- ka tony
the 9th of April '16

Thursday, July 14, 2016

Ang Masang Katipunan at ang French Revolution

Ginugunita ang kahalagahan ng ika-14 ng Hulyo ng bansang Pransya bilang "Fall of the Bastille." Ang "Bastille Saint-Antoine" ay isang "medieval fortress" at bilanguan na dito kinukulong ang mga kriminal, may-sira ang ulo at ang mga burgesyang tulad nila: Voltaire, Marquis de Sade, atbp... na laban sa pamamalakad ng monarkya, dito'y na kulong din. Sinalakay ng magkasamang lakas ng masa at burgesya ang napakahirap pasukin at pasukuin na Bastille, subalit ito'y matagumpay na napasok at napasuko noong ika-14 ng Hulyo, 1789.

Umabot ng 107 taon pagkatapos ng French Revolution nasa distrito ng San Nicolas, arrabales ng Intramuros nagmamasid, pinagaaralan at nagpaplano sa binabalak din ng Supremo Andres Bonifacio na pasukin at pasukuin ang "medieval fortress" ng mga peninsulares sa Intramuros (Maynila). Inaalam kung kailan ipapadala sa Mindanao na kung saan ay may pagaalsa ang mga Muslim ang malakas na pwersa ng mga Kastila na nasa Intramuros, kung ano ang mabisang paraan upang pasukin at patayin ang kuryente na nagbibigay ng kuryente sa Intramuros ng La Electricista de Manila sa Quiapo na magbibigay din ng hudyat sa mga Caviteno na lumusob at paligiran ang Intramuros at kasabay din nito ang pagsalakay ng pangkat ng Supremo Bonifacio sa El Deposito sa San Juan del Monte upang makuha ang mga sandata ng mga Kastila na doon nakalagak.

Ang pinangalingang konsepto at idelohiya ng Masang Katipunan ng Supremo Bonifacio ay ang French Revolution na kaniyang pinagaralan at nagbigay diwa sa kaniya. Ang pinangalingan din ng konsepto, idelohiya at dyalektika ng Proletaryong Komonismo ni Karl Marx ay French Revolution at Industrial Revolution. Ang kabuoang layunin ng Masang Katipunan ay tulad din sa mithing layunin at sinigaw na "mantra" ng French Revolution "Liberte, Egalite, Fraternite" ("Kalayaan, Kapantayan, Kapatiran"). Ang orihinal na pinangalingan ng "Liberte, Egalite, Fraternite" ay mula kay Antoine-François Momoro isang manlilimbag ng mga aklat at ginamit naman ito ni Olympe de Gouges na pinahalagahan ang "Fraternite" para sa buong kababaihan sa Pransya upang makapantay ang mga kalalakihan sa pakikibakang himagsikan. Ganito rin kahalaga sa Supremo Bonifacio ang "Kapatiran" upang makapagbigay diwang pagkakaisa sa pakikibaka, kaya't ipinairal na tawagan sa kapwa Katipunero, ang "Kapatid" o "Ka" bago bangitin ang pangalan.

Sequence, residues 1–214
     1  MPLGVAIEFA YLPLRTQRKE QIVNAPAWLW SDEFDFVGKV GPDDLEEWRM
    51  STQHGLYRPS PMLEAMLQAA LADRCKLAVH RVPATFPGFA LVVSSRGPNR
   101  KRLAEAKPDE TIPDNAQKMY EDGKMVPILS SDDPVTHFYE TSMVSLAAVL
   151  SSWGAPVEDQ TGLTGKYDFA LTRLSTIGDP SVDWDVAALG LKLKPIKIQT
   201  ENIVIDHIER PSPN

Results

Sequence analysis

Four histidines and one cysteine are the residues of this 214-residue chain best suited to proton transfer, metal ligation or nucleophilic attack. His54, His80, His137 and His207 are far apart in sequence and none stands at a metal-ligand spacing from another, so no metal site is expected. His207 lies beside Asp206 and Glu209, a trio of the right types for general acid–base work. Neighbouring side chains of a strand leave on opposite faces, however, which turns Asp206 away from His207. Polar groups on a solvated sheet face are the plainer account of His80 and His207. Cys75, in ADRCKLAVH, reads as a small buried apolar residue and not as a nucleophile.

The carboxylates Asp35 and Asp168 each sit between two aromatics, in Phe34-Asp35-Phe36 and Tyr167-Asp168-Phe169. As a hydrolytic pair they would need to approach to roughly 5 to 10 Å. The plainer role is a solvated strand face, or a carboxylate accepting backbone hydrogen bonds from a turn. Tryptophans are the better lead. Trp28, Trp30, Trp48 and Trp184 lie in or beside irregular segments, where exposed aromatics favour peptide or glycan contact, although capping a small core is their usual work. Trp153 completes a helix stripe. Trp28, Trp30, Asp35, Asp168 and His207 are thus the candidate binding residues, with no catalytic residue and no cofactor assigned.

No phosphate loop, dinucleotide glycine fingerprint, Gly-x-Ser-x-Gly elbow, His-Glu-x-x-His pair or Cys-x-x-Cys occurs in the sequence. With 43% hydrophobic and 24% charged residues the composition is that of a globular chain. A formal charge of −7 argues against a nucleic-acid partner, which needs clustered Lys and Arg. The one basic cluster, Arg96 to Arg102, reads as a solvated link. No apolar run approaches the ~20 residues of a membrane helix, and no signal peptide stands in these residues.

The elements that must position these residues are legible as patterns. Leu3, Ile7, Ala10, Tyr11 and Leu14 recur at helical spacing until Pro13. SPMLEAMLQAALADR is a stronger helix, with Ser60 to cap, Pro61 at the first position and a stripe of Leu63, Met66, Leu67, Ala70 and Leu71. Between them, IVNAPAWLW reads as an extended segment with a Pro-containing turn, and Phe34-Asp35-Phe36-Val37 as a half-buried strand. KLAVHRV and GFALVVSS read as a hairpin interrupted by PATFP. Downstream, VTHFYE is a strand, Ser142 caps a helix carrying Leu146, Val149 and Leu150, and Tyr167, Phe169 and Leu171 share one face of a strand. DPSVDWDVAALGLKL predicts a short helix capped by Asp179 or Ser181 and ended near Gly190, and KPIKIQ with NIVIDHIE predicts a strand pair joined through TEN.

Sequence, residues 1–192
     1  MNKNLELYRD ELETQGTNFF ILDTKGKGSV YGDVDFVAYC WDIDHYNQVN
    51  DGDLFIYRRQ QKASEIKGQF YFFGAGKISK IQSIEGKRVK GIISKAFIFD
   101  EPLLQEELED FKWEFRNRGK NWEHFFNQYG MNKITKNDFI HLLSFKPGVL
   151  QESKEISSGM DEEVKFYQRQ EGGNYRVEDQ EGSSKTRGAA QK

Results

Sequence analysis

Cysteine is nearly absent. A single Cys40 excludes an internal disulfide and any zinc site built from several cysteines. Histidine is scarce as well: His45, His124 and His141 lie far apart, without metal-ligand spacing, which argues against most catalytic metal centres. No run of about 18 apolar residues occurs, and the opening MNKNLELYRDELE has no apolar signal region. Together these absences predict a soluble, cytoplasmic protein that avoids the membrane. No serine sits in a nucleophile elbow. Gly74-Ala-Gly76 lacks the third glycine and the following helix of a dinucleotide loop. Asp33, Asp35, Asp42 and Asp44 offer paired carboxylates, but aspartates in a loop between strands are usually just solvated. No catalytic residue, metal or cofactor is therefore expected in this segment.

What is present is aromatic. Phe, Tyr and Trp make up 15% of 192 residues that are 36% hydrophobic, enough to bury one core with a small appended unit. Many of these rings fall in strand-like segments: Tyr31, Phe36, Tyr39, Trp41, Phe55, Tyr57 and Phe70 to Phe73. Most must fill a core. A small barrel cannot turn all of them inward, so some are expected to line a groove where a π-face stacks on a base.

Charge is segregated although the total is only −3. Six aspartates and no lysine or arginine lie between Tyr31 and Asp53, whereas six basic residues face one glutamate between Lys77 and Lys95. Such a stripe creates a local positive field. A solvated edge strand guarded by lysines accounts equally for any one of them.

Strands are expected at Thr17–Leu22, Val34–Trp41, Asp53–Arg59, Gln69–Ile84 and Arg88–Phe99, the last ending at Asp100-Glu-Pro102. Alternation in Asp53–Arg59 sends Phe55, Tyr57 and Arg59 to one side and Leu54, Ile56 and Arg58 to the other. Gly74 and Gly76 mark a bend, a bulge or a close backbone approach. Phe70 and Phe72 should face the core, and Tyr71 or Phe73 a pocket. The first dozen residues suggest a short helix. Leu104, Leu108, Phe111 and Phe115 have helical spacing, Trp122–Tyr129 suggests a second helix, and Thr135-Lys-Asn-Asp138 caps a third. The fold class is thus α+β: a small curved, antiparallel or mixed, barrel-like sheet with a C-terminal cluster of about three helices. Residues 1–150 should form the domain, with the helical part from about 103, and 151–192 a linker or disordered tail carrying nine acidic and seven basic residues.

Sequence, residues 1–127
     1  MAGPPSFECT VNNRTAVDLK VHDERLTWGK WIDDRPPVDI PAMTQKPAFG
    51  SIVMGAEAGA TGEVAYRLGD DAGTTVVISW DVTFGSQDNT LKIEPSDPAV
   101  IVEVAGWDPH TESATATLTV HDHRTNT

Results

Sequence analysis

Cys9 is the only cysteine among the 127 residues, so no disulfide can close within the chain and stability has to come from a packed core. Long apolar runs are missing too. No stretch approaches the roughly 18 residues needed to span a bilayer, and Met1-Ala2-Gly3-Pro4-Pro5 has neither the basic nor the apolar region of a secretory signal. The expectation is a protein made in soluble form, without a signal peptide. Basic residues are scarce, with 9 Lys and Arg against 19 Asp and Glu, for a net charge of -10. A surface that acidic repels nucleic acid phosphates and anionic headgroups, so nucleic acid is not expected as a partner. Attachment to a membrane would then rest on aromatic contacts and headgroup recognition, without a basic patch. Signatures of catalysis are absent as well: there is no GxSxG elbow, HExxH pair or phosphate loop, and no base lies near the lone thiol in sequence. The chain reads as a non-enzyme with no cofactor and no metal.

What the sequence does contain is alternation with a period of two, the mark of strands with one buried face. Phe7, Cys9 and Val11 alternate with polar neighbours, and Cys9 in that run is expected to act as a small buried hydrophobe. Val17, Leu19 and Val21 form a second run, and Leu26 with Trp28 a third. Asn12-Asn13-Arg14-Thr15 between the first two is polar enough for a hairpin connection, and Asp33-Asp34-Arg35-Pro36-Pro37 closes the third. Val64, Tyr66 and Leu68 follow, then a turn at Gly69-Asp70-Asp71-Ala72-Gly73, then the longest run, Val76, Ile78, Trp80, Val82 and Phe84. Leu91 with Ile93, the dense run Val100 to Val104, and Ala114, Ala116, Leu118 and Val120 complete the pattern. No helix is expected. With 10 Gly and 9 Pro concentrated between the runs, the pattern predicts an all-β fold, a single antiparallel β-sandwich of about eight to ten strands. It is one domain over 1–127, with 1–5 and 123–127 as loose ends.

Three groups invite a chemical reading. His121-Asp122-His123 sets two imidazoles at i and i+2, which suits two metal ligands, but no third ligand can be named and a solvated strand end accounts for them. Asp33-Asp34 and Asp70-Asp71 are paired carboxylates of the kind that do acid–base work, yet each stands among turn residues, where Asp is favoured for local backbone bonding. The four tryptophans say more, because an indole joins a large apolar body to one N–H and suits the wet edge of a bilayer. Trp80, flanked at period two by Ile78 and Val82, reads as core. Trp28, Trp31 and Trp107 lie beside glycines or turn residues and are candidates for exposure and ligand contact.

Nagsanhing inspirasyon naman sa French Revolution ay ang na unang himagsikang ginawa ng hilagang Amerika na dito napatunayan na ang makapangyarihan na sandatahang lakas ng kolonyalistang Britania ay maaaring pabagsakin ng kulang sa armas subalit nagkakaisang diwa sa layuning kalayaan ng mga taong bayan. Kaya't ng sabihin ni Rizal na kinakailangan ng maraming sandata at lubos na pagsasanay upang simulan ang himagsikan, ang sagot ng Supremo Bonifacio ay... "saan ito nabasa ni Rizal at anong himagsikan sa mundo na pumutok at ang mga nakikibaka'y handa na at marami nang sandata?"

...ang layunin sa paglunsad ng Masang Katipunan ng Supremo Bonifacio ay para sa:

a) ...kabuoang kalayaan ng Haring Bayang Katagalugan sa kolonyalistang Espania sa pamamagitan ng armadong himagsikan.
b) ...kunin, ibalik at ipaghati-hati ang mga lupa, kayamanan at ari-ariang kinamkam, inagaw, inilit at ninakaw ng mga prayle at Kastilang cortes mula sa mga mahihirap at mga magsasakang Katagalugan.
c) ...ibagsak ang eletistang lipunan na pinairal ng mga Kastila at itaguyod ang pantay na lipunan.

"...Andres Bonifacio, an employee of a foreign business house in Manila, was the leading spirit of the Katipunan; gathering his ideas of modern reform from reading Spanish treatises on the French revolution, he had imbibed also a notion that the methods of the mob in Paris where those best adapted to secure amelioration for the Filipinos. His ideas where those of a socialist and of a socialist of the French revolution type and he thought them applicable to an undeveloped tropical country, where the pressure of industrial competition is almost unknown and where with the slightest reasonable exertion, starvation may be dismissed from thought." 

- James LeRoy (adviser of Governor-General William Howard Taft)

"...The Katipunan came out from the cover of secret designs, threw off the cloak of any other purpose and stood openly for the independence of the Philippines. Bonifacio turned his lodges into battalions, his grandmasters into captains and the supreme council of the Katipunan into the insurgent government of the Philippines." 

- John R.M. Taylor (custodian of the Philippine Insurgent Records)